Voices in your head: How a support group helps members cope

The Hearing Voices Network is a worldwide coalition of small support groups where members learn strategies to cope with voices in their head, whatever form they take.

Some professionals worry self-help groups romanticize psychosis

Support Group for People Who Hear Voices

8 years ago
Duration 1:14
An unconventional support group encourages members who hear voices to live with them by paying attention to "good voices" and ignoring the bad.
After a warm salutation and some deep-breathing exercises, members of the North Shore Hearing Voices Support Group in Vancouver settle in to talk about the voices in their heads.

"It's hard not to believe in demons when the demons keep talking to you," says Rory Higgs, a young man with a pinkish streak in his hair.

Justin Day hears the voice of a woman he used to know, a steady stream of derogatory comments."'Get out of my life, you're a weirdo, you're a loser,'" he shares unhappily. "I have to tell myself they're paranoid delusions."

Others reveal how voices help them through the day. Sometimes birds talk to Jael Emberly. "I get good voices that challenge my own insecurities," she says.

Learning to live with the voices is what's behind the Hearing Voices Network (HVN), a worldwide coalition of small support groups where voice-hearers learn strategies to cope with voices in their head, whatever form they take.

Intervoice, a non-profit international organization created to promote the idea that hearing voices is a "normal though unusual variation in human behaviour," suggests two to four per cent of the population hears voices at some point.

Andrea Horowitz of the North Shore Adult Community Mental Health Team (left, with a member of a hearing voices group) says such groups empower people to play a role in their own recovery. (CBC)

Group facilitator Andrea Horowitz of the North Shore Adult Community Mental Health Team says it's a stark contrast to the conventional medical approach, where hearing voices is treated as a symptom of mental illness to be suppressed with medication.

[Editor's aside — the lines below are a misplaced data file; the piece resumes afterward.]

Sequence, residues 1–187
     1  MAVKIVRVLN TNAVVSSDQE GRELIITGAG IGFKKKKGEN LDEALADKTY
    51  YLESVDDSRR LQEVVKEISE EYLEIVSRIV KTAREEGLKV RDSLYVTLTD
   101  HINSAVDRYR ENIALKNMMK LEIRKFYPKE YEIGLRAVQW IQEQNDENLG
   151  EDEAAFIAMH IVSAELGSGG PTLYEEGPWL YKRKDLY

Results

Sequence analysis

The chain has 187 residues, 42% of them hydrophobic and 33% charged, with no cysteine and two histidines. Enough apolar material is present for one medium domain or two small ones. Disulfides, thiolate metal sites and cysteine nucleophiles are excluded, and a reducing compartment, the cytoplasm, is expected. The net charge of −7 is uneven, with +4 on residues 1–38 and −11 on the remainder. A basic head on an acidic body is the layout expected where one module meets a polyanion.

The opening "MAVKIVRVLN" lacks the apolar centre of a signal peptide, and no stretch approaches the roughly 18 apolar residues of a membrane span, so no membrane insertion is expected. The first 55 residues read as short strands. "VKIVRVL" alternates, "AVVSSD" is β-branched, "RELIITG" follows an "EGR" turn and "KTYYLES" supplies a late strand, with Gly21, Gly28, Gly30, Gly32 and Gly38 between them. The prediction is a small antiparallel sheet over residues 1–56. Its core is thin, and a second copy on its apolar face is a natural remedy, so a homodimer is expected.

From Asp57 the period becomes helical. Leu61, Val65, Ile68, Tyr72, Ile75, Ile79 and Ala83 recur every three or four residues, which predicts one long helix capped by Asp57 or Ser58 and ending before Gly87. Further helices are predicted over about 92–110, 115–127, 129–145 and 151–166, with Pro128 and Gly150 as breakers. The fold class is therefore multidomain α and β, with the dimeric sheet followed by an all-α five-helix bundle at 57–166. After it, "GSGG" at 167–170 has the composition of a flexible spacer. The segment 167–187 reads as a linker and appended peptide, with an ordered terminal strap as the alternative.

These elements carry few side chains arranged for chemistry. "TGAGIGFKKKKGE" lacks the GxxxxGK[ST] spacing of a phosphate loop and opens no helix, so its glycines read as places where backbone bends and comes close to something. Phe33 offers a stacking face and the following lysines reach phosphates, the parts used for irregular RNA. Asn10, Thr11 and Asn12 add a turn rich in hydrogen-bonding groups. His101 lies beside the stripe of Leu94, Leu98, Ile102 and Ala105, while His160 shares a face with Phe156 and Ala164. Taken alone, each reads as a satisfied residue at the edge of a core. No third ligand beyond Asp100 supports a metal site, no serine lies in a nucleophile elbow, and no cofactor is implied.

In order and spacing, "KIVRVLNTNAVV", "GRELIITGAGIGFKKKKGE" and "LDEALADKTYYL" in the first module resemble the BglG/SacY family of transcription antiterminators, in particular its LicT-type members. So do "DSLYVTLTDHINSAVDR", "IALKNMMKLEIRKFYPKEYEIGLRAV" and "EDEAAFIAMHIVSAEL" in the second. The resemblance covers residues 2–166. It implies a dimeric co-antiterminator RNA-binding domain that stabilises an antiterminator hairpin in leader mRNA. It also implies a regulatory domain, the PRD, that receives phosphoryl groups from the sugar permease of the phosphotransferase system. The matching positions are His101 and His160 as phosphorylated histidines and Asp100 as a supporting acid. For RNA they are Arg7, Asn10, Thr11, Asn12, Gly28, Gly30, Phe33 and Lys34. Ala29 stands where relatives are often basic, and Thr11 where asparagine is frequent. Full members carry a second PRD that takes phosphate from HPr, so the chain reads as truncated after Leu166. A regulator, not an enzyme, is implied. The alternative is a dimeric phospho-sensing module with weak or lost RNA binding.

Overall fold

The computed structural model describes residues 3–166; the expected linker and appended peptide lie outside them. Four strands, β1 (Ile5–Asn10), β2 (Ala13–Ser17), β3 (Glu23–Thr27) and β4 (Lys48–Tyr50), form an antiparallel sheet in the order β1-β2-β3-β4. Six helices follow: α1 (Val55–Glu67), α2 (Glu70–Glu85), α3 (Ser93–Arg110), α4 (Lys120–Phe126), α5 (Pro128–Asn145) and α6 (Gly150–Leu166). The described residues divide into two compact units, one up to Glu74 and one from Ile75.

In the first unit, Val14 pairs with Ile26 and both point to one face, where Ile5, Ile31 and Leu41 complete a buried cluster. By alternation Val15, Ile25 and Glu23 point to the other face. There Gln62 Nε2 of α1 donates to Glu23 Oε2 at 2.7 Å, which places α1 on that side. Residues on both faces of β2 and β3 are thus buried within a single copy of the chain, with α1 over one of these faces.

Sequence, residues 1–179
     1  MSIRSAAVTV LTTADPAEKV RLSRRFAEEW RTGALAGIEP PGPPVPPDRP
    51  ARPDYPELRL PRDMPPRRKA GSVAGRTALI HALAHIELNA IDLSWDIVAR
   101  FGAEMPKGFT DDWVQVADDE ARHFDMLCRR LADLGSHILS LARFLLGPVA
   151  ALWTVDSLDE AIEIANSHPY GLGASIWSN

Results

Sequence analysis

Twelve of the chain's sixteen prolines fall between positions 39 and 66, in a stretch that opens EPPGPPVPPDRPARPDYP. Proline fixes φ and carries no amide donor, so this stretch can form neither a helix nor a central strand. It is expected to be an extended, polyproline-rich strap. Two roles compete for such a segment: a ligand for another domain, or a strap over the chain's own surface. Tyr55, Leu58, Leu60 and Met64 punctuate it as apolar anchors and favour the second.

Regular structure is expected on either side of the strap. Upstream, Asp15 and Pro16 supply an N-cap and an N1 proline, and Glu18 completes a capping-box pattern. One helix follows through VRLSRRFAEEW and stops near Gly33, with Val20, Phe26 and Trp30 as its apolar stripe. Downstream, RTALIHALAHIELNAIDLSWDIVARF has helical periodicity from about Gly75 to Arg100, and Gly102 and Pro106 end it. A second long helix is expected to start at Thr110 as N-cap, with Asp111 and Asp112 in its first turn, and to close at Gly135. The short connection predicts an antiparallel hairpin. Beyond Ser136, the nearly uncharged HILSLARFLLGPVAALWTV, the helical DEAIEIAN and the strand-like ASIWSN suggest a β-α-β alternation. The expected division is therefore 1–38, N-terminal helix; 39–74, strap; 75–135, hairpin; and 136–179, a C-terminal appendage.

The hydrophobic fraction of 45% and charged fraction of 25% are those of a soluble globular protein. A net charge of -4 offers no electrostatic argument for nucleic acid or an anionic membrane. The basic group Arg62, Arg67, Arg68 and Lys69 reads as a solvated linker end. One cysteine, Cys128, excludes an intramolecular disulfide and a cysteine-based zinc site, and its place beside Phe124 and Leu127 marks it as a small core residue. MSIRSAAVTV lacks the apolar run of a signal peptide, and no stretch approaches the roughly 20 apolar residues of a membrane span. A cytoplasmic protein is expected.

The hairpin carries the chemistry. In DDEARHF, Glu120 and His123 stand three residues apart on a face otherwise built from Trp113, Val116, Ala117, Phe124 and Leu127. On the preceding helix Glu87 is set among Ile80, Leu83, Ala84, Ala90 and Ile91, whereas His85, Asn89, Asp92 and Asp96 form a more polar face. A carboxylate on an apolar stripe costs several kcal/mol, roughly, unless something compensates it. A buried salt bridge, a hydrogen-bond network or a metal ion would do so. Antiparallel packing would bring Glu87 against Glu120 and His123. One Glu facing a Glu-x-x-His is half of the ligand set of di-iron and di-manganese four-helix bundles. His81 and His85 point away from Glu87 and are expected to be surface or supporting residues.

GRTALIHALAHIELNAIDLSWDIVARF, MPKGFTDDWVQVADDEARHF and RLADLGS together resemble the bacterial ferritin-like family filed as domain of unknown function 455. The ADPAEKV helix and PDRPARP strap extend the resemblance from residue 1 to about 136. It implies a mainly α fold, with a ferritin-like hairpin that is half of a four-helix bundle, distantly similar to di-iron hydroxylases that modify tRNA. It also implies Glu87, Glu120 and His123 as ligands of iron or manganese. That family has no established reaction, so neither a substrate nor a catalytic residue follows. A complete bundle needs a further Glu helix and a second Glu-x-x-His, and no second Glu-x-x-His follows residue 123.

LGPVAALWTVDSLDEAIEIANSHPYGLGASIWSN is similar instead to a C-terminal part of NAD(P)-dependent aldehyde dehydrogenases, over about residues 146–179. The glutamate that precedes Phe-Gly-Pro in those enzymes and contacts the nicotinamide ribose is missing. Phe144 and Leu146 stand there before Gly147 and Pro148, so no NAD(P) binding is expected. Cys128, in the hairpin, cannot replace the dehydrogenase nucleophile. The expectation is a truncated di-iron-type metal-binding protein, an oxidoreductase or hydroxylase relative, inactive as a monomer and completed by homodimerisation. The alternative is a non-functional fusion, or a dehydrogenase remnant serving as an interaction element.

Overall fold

"The person who was having this experience would go and see the psychiatrist, who would try to fix them, and that really took that onus off the person to take control of their own lives," says Horowitz, an occupational therapist.

"The hearing voices group empowers people and allows them to understand they have a role to play in their recovery."

Hearing Voices groups, first formed in the Netherlands in 1987, have spread to 30 countries. Canada has been slow to adopt the approach, but groups can be found in Vancouver, Toronto, Winnipeg, Montreal, Moncton, N.B., and St. John's.

In the North Vancouver group's weekly meetings, members share their voice-hearing experiences and coping strategies.
Dr. Bill MacEwan (left, with a patient), says many people with psychosis or schizophrenia don’t recognize they’re ill. (CBC)

Andrea Merrick, 47, relates her story. Diagnosed with schizophrenia in her early 20s, she's been hospitalized twice and estimates she has tried 20 medications, none of which helped eliminate taunting voices or her increasing paranoia.

Five years ago, she turned her back on drugs. Now she employs her "good voices" to help battle her "bad voices."

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"The good voices helped me get myself out of this negative place where I was being attacked, to a more positive place," says Merrick.

From the video You Are Not Alone produced by Intervoice, an international organization that provides support to Hearing Voices groups in 30 countries. (Intervoice)

HVN groups give voice-hearers a sense of community where they're seen as people rather than patients, says Horowitz.